Traditional database technologies and analytics tools are not powerful enough to support machine learning. Fortunately, a new generation of innovative solutions is coming to market.

Many vendors are seeking to capitalize on this burgeoning industry. As with any new technology, decision-makers must carefully assess how well the tools meet the needs of the business.

When choosing a machine learning solution for customer retention, for example, we advise financial services companies to select tools that automatically:

  • Manage dynamic data from a variety of customer channels and build an overview of the customer journey
  • Sort, classify, and route events, pinpointing critical changes and reliable customer churn indicators
  • Identify customers who are about to churn and take proactive steps to prevent customers from leaving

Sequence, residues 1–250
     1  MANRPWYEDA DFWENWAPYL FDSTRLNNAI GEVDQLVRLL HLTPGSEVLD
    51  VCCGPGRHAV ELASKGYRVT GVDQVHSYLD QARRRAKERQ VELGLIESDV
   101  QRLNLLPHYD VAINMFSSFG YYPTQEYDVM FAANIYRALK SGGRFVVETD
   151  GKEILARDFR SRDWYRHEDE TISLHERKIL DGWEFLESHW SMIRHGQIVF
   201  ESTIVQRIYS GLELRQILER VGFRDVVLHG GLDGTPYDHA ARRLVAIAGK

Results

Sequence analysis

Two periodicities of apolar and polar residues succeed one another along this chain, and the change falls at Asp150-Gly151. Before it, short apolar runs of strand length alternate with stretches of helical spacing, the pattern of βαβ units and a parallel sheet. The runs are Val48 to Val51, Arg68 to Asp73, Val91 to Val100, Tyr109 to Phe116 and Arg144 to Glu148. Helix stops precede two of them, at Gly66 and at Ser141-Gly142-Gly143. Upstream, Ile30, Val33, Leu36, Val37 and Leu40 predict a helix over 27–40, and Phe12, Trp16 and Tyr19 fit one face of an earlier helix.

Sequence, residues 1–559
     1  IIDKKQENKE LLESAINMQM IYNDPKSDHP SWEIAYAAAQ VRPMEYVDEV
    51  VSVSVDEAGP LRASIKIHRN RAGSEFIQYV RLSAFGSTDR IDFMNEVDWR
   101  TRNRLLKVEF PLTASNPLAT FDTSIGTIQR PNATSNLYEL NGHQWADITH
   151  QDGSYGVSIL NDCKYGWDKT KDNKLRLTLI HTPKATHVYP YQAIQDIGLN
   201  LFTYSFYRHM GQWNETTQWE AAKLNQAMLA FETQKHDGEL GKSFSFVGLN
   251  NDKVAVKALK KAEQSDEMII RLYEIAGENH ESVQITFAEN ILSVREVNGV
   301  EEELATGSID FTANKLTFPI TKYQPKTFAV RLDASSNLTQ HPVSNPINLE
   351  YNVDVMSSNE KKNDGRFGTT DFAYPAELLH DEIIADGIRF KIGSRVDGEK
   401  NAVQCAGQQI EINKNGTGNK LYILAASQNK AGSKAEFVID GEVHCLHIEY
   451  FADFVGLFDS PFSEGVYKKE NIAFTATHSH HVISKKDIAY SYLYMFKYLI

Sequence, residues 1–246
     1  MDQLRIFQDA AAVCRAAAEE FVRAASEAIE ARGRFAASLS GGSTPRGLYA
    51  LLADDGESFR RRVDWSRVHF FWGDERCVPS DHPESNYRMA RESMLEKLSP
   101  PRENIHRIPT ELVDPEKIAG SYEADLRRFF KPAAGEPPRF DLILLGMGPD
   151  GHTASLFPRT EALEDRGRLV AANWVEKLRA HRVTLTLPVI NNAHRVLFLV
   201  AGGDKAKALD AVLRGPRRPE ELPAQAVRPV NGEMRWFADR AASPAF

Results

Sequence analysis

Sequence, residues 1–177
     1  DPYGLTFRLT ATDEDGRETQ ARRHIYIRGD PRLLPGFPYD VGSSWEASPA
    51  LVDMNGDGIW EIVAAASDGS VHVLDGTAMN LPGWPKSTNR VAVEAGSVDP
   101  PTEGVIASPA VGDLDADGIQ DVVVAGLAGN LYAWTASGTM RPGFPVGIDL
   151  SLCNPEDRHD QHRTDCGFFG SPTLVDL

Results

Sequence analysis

In the battle to provide better customer service, machine learning technology is becoming a differentiating technology for financial services institutions. There are two ways to get there. Companies can:

  • Use standard applications, where machine learning is embedded and shipped with the software
  • Develop their own applications based on available cloud platform solutions and toolsets

Preparing to address obstacles

Without a doubt, there is huge potential to bring efficiency and effectiveness to a new level by injecting AI and machine learning into the financial services business. So what is hindering financial services institutions from becoming more successful with AI and machine learning and gaining benefits from disruptive technology?

There are three major obstacles:

  • Full senior management buy-in that extends beyond funding a proof of concept
  • Shortage of specialist skills to operate and maintain the technology
  • Costs of the AI system

With these challenges, getting quick wins in a short time frame is becoming more and more crucial. And since vendors are embedding machine learning scenarios into existing software applications, this might be a good starting point for companies that want to simultaneously work on major disruptive use cases.